I knew I needed to do something so I didn’t just keep watching CNN. I didn’t even want to watch it, but I knew I would anyway. It would be there. And self-destructive impulses are hard to ignore. So I decided to jump my schedule and start an LP blitz of Demon’s Souls.
Life, review codes, and “stop the count” protestors arriving en masse to my city hampered the plans, unfortunately. But even in the middle of reviewing a game that was nothing like From Software’s iconic spiritual successor to the titanic Dark Souls franchise, I couldn’t stop thinking about the soundtrack.
I’d written about it before, in miniature—a brief ode in Paste’s last list of The Best Videogame Soundtracks of All Time. It was insufficient. Even this week’s Audio Logs feels incapable of grasping the slippery fullness of Shinsuke Kida’s nuanced and fragrant score. Like in Souls games though, we try, persist, and learn when we come up short.
Are you ready to embrace uncertainty? Umbasa.
Two tremendous knocks of timpani open Demon’s Souls. It repeats. Open the door. It’ll break it down anyway. Accept fate.
And then a moaning female vocalizing half rapturous, half forbidding. She is joined by male “voices” as the downward march of string follows and dissonant sprays of brass bleat agonizingly. It builds and builds. Organ intersects and is interrupted by a clash of cyclopean cymbals. Strings vibrate to near bursting in an ascending roil. And we end with one final explosive burst of female vocals as the other instruments, save the harmonizing organ, go tacet.
Few games communicate “fuck around and find out” so dramatically and openly.
This is not a good place you have found yourself. It will not be easy, it will not end well.Demon’s Souls composer Shinsuke Kida transmits this warning like a javelin through colorless fog.
Demon’s Souls, even at its most tranquil, is marked by peril. It’s seared into the most delicately plucked harp. When strings flow smoothly, it is from a bow rosined with sadness and gloom.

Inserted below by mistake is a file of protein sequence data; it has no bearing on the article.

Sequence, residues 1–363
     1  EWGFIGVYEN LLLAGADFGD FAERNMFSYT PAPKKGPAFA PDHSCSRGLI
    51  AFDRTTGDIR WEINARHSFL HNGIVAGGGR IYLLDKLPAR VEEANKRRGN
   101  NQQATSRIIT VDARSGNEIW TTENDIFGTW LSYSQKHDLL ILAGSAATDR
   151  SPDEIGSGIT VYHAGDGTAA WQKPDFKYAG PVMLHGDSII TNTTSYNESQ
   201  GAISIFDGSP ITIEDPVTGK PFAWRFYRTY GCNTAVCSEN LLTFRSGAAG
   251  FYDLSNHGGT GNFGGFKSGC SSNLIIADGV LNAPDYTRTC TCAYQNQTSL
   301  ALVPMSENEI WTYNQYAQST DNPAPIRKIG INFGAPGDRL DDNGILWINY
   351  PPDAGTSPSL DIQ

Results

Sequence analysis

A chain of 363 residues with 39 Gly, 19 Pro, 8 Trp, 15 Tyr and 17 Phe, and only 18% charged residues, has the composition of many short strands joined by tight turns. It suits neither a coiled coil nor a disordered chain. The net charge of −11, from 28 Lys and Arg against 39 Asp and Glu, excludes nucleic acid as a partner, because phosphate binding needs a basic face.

The Nexus is a place of respite.
It is also a prison.
Yours, others, and that of the Great Old One. Time and space are confounding. Place has many meanings here. None of them are expressly good. What happens when the warm swell of strings and that radiant harp fall away in general pause after all-too-brief melodic phrases? Why is that harp so insistently questioning?
Of course, whatever comfort one could find in The Nexus is abruptly thrown out by its replacement theme—the one that comes after a great deal of killing and so much more of your own deaths. The harp tried to warn you. Didn’t it?
What safe haven questions its own safety? You fucked around, what did you find out? You found souls, the smaller souls of the once human, you claimed their power. Just as you did the tremendous demons’ souls, grown fat and ripe on those same smaller souls. It’s in the boss themes that the otherwise musically silent Demon’s Souls’ sampled orchestra comes to life.
Bereft of Latin, or language of any kind. The “choir” of Demon’s Souls communicates through guttural, vibrating uhhs and ahhs, huhs and ohs.